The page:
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AISB event Bulletin Item

Call for potential participants for AAAI symposium on time and interactive behavior


We are soliciting statements of interest for a potential 2010 AAAI spring symposium on the role of timing and
representations of time in human-human and human-machine interaction . If this topic is of interest to you,
please send a reply to by May 4. This statement of interest is non-binding and does not
obligate you to submit a paper or attend. A detailed description of the proposed symposium is included below.

Dr Frank Broz
Research Fellow
Adaptive Systems Research Group
School of Computer Science
University of Hertfordshire

It's All in the Timing: Representing and Reasoning About Time in Interactive Behavior

People do not experience the world solely as an ordered sequence of events. The timing of our perceptions and behaviors has as much of an impact on our experiences as the nature of the events themselves. Yet many of the representations currently used to model human behavior do not incorporate explicit models of the temporal
expression of these stimuli or actions. Dynamic behavior is often modeled sequentially in such a way that its temporal resolution is reduced and potential non-stationarity is ignored for the sake of computational efficiency (as in Markov state-based models of behavior), and/or causal mappings between observations and behavior are simplified to reduce the sparseness of available datasets. Given that any artificial agent designed to interact with people will be dealing with intelligent partners with rich mental representations of time, are we using the appropriate representations?

The issue of timing can be even more critical when designing natural interactive social behaviors for robots or other synthetic characters. Human social behaviors are extremely dependent on a close feedback loop of simultaneous and coordinated activity between multiple interactors. Yet how to best represent these interdependencies and temporal relationships in order to produce interactive behaviors is just beginning to be explored and understood from a computational perspective.  Speed, acceleration, tempo, and delay are concepts that AI and robotics researchers recognize as important in everything from motor control to verbal communication, but we do not yet possess a well-motivated framework for how these temporal considerations should be designed into our systems.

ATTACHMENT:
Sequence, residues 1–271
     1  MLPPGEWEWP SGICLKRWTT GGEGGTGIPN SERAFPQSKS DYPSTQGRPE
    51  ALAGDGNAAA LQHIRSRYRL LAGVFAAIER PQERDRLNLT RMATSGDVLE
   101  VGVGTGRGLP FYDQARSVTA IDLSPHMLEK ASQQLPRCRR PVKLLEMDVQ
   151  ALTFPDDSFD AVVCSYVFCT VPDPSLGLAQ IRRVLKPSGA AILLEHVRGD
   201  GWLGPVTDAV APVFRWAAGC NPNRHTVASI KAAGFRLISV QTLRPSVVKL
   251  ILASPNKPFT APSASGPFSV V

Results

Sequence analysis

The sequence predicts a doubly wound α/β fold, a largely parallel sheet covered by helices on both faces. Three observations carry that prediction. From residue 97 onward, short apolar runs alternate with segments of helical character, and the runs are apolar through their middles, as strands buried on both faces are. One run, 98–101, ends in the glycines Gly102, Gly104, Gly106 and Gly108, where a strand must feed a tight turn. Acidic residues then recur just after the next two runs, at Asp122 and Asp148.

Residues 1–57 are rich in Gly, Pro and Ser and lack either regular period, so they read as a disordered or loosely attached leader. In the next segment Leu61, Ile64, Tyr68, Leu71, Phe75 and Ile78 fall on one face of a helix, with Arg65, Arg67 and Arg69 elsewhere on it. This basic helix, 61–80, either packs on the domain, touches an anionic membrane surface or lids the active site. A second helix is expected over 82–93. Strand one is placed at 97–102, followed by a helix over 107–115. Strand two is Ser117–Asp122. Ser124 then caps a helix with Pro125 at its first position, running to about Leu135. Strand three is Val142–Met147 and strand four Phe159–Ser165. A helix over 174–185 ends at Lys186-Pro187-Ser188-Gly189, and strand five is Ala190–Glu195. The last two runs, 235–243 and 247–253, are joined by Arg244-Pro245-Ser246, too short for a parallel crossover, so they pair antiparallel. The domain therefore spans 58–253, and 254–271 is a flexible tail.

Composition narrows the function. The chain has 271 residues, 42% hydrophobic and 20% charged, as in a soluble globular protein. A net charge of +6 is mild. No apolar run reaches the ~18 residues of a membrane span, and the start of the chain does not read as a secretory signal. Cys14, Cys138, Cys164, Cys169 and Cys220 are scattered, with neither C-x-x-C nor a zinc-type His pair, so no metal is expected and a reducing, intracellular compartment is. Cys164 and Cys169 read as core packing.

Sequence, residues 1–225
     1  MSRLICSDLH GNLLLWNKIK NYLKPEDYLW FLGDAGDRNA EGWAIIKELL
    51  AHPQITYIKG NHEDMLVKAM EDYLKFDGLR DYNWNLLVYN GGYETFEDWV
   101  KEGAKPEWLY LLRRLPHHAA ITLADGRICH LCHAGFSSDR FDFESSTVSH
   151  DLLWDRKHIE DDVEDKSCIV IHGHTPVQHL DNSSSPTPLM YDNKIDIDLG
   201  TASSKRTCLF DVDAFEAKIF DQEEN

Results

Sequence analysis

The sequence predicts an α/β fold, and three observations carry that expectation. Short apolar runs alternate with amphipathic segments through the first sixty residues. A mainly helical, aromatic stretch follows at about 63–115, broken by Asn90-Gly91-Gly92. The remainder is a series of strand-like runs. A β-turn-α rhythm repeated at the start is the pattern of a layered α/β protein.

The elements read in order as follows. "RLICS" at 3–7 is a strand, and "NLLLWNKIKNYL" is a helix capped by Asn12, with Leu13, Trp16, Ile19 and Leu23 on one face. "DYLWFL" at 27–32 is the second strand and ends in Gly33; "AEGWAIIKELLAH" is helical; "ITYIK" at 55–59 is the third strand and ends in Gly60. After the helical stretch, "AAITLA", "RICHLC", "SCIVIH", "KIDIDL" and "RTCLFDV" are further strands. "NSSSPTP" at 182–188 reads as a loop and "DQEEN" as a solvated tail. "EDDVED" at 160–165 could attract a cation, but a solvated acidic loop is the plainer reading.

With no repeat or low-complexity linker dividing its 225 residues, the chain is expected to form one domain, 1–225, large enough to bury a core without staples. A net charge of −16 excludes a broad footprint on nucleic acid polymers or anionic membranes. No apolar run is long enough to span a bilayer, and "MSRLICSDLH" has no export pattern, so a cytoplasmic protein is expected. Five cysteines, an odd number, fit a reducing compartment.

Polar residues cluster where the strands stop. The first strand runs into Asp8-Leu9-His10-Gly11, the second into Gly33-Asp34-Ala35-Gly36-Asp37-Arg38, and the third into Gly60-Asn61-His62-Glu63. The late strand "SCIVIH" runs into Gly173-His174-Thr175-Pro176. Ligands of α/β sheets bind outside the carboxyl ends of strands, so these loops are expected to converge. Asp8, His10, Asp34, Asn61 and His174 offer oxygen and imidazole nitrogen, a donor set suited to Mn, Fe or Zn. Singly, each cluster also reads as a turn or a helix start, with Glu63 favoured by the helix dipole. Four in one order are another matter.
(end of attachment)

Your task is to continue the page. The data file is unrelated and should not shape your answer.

This workshop is oriented towards several different groups of researchers: those who use machine learning techniques to model human behavior, psychologists who study spoken dialog or nonverbal behavior, and designers of robots or computational artifacts that interact naturally with humans in real time. By bringing together members of these communities through a shared interest in temporal representations, our goal is to identify critical areas of study and promising techniques. Some of the central questions that presentations and discussions will address are:

* As researchers who study human interactive behavior, where do the common representations fall short? In what cases are they sufficient?
* What representations should be developed or borrowed to better represent human behavior or deal with the challenges of interacting naturally with a person?
* What do we know (e.g. from the social, cognitive, and behavioral sciences) about the timing of human behavior that we are not currently using? Which aspects of human behavior or social interaction are likely to be highly dependent on time?
* What kinds of experiments in human-machine interaction could serve as testbeds (or eventually benchmarks) for the study of the role of timing?

Depending on the interests of the participating researchers, there will be break-out sessions where members of special interest areas can discuss issues in greater depth and report their shared conclusions back to the symposium as a whole. Some potential breakout session topics are:

* nonverbal communication
* rhythmic or musical interaction
* spoken dialogue
* social decision-making
* user state modeling
* interaction kinesics

Organizing committee: Frank Broz (UH), Marek Michalowski (CMU), Emily Mower (USC)

Please reply to by May 4, 2009.